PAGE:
The upper section shows John the Baptist, who hoists above his head a scroll upon which is written in Latin: Ecce Agnus Dei, “Behold the Lamb of God.” This is the prophetic description of Jesus Christ, the one who is “The Lamb of God who takes away the sin of the world” (John 1:29). John carries a staff in the shape of a cross.
John was a dramatic preacher who predicted that the Kingdom of God was coming soon. He called people to repent and be baptized. When he baptized Jesus, he saw the Holy Spirit descend upon Jesus in the form of a dove, and heard God say “This is my Beloved Son, with whom I am well pleased.”
“The phrase Lamb of God comes from the Old Testament sacrifices. Sin puts every individual under sentence of death, which is literally separation from God. But in Old Testament times God accepted the death of an animal as substitute for the death of a person. Further sin meant repeated sacrifices. Jesus was to die to give his life once and for all, sacrificed like a lamb for human sin throughout the ages.”
p. 534, Eerdman’s Handbook to the Bible, 1973
The lower section depicts the call of Matthew, a tax collector, to join Jesus’ band of disciples. Matthew went on to write the Gospel of Matthew, his testimony of Jesus’ life.
As Jesus went on from there, He saw a man named Matthew sitting at the tax collector’s booth. ‘Follow me,’ He told him, and Matthew got up and followed Him.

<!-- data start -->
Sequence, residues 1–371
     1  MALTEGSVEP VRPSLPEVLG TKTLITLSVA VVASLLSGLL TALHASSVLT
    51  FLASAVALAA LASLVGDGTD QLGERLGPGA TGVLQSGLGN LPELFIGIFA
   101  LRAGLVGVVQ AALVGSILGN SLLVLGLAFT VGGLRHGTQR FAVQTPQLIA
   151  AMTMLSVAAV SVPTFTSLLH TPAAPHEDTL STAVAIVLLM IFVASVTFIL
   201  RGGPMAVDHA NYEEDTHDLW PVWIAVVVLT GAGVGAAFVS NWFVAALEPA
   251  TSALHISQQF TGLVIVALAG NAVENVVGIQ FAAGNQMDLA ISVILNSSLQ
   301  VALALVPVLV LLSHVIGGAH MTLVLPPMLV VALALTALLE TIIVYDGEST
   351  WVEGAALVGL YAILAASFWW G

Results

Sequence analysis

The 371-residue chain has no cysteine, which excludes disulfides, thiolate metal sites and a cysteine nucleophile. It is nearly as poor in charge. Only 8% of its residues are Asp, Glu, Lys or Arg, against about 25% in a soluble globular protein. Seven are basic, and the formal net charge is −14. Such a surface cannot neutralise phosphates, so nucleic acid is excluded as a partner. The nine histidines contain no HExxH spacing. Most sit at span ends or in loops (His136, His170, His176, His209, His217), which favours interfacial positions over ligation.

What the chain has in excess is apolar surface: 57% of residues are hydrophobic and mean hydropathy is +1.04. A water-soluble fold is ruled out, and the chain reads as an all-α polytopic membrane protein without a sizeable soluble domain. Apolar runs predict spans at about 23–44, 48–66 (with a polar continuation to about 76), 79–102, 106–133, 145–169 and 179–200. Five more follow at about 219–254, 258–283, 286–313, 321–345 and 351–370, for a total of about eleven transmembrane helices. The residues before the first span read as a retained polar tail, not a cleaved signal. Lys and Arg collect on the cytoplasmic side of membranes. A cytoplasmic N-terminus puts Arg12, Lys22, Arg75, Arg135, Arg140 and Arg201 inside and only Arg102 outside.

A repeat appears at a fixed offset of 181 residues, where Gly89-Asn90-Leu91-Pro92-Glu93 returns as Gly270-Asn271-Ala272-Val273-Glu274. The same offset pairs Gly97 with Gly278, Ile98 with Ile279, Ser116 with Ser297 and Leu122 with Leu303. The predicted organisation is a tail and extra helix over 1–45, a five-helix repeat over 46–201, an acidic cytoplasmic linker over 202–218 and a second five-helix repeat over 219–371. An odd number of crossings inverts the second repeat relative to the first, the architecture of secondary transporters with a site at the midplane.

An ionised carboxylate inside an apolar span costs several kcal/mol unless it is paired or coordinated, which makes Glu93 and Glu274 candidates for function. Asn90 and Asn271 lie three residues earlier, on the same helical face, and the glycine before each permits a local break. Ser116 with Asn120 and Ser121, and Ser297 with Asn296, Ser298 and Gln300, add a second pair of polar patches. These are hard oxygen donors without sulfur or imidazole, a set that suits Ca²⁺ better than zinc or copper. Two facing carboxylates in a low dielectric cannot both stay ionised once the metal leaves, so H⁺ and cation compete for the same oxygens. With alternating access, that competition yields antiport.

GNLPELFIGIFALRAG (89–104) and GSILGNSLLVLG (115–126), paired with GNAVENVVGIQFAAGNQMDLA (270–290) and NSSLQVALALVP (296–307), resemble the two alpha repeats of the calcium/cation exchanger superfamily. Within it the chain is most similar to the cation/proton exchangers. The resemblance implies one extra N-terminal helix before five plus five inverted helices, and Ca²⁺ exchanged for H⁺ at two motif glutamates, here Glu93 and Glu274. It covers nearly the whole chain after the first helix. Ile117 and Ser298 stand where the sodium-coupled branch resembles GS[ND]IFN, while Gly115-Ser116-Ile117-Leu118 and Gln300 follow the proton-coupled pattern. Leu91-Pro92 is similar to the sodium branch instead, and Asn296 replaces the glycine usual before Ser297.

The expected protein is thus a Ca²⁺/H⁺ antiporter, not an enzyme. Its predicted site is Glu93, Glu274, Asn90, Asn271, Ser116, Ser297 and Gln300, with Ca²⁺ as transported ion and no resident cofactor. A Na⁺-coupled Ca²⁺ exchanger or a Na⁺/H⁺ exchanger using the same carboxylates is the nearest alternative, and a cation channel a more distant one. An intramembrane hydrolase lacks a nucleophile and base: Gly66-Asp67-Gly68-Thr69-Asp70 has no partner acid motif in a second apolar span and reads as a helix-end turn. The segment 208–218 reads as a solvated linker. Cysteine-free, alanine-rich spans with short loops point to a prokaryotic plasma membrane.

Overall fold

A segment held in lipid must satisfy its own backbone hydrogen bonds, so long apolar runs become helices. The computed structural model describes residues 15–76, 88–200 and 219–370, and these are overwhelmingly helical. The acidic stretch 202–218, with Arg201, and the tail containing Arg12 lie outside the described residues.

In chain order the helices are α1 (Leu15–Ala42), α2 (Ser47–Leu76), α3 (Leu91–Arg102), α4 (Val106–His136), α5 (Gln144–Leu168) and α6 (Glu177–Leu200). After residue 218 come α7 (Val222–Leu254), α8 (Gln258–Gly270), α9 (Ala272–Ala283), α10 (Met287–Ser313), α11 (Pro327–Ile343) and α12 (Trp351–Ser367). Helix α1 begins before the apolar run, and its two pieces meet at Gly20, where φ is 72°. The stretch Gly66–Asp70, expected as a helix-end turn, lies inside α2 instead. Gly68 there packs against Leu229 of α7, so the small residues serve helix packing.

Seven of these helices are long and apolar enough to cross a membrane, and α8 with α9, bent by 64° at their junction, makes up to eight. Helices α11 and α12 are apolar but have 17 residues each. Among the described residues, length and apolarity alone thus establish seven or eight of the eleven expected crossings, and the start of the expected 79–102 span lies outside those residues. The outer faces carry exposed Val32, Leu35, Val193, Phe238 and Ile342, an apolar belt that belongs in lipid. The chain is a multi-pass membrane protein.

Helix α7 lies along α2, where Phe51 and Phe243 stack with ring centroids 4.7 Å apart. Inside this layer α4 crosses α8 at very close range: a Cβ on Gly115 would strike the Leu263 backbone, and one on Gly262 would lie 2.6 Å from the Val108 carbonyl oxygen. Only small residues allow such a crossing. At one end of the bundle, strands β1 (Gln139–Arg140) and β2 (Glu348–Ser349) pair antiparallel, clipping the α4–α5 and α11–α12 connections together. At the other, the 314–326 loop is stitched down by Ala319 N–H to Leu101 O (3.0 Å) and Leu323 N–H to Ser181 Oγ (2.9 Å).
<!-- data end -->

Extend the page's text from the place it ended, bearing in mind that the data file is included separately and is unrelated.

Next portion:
Tax collectors were one of the most despised of professions in that culture. They worked for the hated Romans, they gouged people for taxes, and then they skimmed off a large percentage of the tax revenues and lined their own pockets. No self-respecting Pharisee [religious rulers] would ever have dinner with someone as despicable as Matthew. Jesus offers, to Matthew and to you, Grace instead of rebuke, acceptance instead of judgment, mercy instead of recrimination, an invitation to come and be with someone instead of rejection and casting away. Jesus is the One who calls us to Himself in the midst of our deepest trials and worst days of our lives, when everyone else has rejected us and run the other way. Jesus is the Savior who seeks us out and calls us to Himself. Will you rise up and follow Him?
The Purves Window was presented in memory of George Tybout Purves (1852-1901), the sixth minister of First Presbyterian Church of Pittsburgh who served from 1886 to 1892